- Uniformity is required. In a place where houses are supposed to look uniform, the landlord should contract a landscaping firm to do the lawns uniformly. This will ensure that the entire estate looks the same and there are no specific houses that are standing out from the rest.
- The lawn is too complicated. Unfortunately, not all lawns are level ground. Some are steep or sloppy, others are rocky and some have delicate trees and shrubs. In such a case, a professional landscaper should be contracted to deal with the challenging landscape. Apart from having the skills and tools to take care of such challenges, professionals will also take little time to do a perfect job instead of messing everything up.
- The lawn is too big. Renting a house that is surrounded by a huge garden and big lawns is both a blessing and a curse. Your children will be able to play outside comfortably while you plant your veggies in the garden. However, tending to such a vast space is also time consuming and exhausting. A good landlord who values their tenants will help their tenants to maintain at least part of this space.
No matter how you look at it, either the landlord or the tenant will feel overburdened if the responsibility of maintaining the gardens is left solely on them. To make everybody happy, here are some situations that can work:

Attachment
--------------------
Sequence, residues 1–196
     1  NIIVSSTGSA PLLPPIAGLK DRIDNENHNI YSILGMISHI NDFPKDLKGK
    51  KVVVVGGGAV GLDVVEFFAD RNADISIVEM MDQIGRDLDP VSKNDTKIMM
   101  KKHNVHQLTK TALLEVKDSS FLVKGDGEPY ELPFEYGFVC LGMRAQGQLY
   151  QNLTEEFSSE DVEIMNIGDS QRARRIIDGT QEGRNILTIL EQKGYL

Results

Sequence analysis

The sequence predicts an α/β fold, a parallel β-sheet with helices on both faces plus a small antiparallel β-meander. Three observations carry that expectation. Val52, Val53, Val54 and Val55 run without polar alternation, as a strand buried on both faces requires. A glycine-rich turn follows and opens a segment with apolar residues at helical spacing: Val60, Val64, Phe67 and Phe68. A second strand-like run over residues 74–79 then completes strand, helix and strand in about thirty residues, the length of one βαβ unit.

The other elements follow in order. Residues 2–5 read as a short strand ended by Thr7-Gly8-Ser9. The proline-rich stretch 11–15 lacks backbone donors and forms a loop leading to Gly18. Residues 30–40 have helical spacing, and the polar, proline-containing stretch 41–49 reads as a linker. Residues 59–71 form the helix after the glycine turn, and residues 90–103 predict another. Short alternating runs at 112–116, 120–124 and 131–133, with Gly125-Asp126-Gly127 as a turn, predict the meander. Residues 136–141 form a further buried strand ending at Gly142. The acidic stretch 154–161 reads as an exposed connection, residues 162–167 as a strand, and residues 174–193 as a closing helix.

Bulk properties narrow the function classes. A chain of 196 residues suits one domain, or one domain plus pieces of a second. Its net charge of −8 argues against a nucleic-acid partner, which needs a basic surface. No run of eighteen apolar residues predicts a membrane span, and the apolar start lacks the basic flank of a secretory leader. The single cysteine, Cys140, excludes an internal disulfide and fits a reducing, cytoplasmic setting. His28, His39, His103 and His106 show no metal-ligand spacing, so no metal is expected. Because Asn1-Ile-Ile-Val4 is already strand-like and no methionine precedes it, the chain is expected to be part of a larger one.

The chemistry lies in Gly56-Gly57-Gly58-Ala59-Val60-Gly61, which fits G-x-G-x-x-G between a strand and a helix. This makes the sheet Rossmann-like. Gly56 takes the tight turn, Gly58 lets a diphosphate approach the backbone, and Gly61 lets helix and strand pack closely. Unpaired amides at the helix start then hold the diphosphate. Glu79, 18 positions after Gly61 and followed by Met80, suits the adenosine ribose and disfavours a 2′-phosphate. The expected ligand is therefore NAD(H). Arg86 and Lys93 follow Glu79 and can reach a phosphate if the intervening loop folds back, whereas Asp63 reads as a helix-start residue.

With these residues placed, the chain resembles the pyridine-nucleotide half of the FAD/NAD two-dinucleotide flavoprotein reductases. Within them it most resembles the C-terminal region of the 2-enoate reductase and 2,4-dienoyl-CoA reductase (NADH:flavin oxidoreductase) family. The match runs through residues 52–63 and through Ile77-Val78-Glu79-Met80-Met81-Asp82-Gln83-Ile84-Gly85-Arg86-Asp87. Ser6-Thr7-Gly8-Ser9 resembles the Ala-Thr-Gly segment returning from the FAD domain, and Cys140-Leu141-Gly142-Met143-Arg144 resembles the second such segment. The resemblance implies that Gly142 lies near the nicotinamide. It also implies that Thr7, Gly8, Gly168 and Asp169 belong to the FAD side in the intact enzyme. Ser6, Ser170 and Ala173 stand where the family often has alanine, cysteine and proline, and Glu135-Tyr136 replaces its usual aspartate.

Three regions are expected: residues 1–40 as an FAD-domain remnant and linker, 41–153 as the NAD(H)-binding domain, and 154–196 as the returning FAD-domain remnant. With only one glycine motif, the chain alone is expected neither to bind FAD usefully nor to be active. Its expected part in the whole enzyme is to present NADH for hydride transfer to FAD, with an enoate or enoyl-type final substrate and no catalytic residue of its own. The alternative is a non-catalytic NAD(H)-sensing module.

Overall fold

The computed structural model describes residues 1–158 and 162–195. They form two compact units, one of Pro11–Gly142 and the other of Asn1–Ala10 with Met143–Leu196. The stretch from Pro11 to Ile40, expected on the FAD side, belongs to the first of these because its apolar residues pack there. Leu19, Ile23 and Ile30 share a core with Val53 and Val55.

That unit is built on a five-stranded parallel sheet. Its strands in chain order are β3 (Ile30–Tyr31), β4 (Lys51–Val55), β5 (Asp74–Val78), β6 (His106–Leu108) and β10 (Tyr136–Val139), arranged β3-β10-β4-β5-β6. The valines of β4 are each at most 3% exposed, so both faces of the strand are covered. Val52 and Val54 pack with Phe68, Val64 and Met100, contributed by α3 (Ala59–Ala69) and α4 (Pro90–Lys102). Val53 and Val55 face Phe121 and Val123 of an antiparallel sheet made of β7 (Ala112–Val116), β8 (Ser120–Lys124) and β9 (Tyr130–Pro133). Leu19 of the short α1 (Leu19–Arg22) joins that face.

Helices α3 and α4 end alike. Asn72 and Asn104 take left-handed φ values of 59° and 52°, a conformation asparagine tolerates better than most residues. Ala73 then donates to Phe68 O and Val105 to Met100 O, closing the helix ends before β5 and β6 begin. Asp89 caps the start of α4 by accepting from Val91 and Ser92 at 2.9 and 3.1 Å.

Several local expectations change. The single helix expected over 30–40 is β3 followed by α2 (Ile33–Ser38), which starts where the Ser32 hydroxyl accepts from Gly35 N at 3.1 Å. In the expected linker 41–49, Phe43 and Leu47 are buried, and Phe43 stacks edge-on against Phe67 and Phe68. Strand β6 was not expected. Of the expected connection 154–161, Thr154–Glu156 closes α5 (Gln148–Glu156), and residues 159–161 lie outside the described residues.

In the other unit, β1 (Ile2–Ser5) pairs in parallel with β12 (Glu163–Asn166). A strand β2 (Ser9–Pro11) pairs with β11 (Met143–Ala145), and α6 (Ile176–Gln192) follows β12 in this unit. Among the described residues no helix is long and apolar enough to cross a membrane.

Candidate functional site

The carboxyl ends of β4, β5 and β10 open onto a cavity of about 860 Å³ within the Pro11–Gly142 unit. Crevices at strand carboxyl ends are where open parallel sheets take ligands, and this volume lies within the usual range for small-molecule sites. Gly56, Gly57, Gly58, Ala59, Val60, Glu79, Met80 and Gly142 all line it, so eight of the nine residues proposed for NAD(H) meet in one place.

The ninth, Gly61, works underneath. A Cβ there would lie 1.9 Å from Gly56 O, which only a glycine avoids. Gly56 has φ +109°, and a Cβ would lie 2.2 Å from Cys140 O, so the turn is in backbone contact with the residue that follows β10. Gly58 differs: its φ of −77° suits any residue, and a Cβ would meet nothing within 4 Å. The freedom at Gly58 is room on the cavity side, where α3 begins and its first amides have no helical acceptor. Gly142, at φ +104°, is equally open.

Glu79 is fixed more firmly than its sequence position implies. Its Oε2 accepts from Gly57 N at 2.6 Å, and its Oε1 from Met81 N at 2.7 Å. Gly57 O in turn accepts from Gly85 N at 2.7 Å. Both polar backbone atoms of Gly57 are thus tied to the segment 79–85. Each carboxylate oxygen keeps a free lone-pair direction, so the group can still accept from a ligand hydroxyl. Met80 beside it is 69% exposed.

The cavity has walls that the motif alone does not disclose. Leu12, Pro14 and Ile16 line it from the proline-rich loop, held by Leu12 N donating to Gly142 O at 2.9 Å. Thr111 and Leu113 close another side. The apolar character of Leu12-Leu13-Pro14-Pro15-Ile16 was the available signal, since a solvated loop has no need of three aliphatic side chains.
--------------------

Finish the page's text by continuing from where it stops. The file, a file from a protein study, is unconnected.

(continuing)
- Contract an external company to maintain the lawns and gardens regularly at a fee. Every tenant will be charged a service fee to cater for the maintenance and it will be part of the rent. Contracting another company is the obligation of the landlord and not the tenant.
- Read the lease agreement clearly before signing it. Most of the contentions between landlords and tenants can be avoided if the tenant read their lease agreement before signing on the dotted line. By understanding the terms and conditions, you can decide whether you are okay with them or not.
Tips for Tenants
- If you believe you are responsible for lawn mowing, it is worth checking to see if there is adequate working equipment to carry out whatever tasks need to be done. We advise checking if there is a working lawnmower and other garden equipment necessary, to avoid extra expenses for you.
- One helpful tip is to take photographs of the garden (and all areas of your home) on the day you move in. If there are any discrepancies further down the line, you will have evidence of the condition of your property when you moved in. This can be a vital tool in terms of getting your deposit refunded at the end of your tenancy.
- Extreme weather conditions such as droughts can cause plants and lawns to die or wither especially if there is a water ban in place. Check your contract to see if there is an adverse weather clause which will stipulate what your responsibilities are should you experience periods of extreme hot or cold weather.
The terms of any lease agreement are often very clear on what the landlord will do and will not do. When it comes to gardening, it is the tenant’s job to do general maintenance while the landlord deals with all the big issues such as pruning, major tree lopping and maintaining firebreaks. Unless you have an exceptionally good landlord who is invested in how their estates look like, it’s important to understand your obligations beforehand to avoid any surprises.